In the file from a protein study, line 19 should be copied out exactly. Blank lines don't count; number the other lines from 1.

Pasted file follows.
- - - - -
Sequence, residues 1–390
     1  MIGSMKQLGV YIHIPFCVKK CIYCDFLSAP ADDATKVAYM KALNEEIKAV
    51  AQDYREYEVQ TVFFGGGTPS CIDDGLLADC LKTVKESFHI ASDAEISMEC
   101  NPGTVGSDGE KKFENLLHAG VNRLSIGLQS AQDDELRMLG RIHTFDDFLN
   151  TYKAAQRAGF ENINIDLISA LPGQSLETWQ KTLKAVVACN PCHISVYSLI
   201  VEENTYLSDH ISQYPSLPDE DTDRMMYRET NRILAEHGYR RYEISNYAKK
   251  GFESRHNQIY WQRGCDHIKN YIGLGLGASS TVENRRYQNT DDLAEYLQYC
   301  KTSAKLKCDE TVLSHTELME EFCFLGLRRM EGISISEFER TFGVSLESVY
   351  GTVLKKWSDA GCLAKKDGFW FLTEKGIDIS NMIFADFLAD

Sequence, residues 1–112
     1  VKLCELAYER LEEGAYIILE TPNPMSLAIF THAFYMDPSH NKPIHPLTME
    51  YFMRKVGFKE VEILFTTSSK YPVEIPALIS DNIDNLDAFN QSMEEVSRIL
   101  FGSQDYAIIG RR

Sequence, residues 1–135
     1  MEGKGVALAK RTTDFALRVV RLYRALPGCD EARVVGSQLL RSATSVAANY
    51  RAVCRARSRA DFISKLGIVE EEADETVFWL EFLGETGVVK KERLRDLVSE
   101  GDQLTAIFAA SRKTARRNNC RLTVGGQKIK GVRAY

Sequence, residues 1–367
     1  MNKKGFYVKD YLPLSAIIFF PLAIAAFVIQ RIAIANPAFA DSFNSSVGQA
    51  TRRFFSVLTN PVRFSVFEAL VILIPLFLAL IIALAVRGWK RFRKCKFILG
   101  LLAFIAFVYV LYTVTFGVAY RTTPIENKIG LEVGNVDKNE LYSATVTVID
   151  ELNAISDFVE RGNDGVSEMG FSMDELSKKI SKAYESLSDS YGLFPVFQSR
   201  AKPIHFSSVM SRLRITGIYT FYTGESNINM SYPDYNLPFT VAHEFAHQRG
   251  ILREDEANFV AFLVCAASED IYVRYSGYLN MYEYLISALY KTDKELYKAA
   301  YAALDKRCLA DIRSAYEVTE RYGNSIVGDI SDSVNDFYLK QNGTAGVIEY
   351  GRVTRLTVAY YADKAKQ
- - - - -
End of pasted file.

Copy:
     1  MNKKGFYVKD YLPLSAIIFF PLAIAAFVIQ RIAIANPAFA DSFNSSVGQA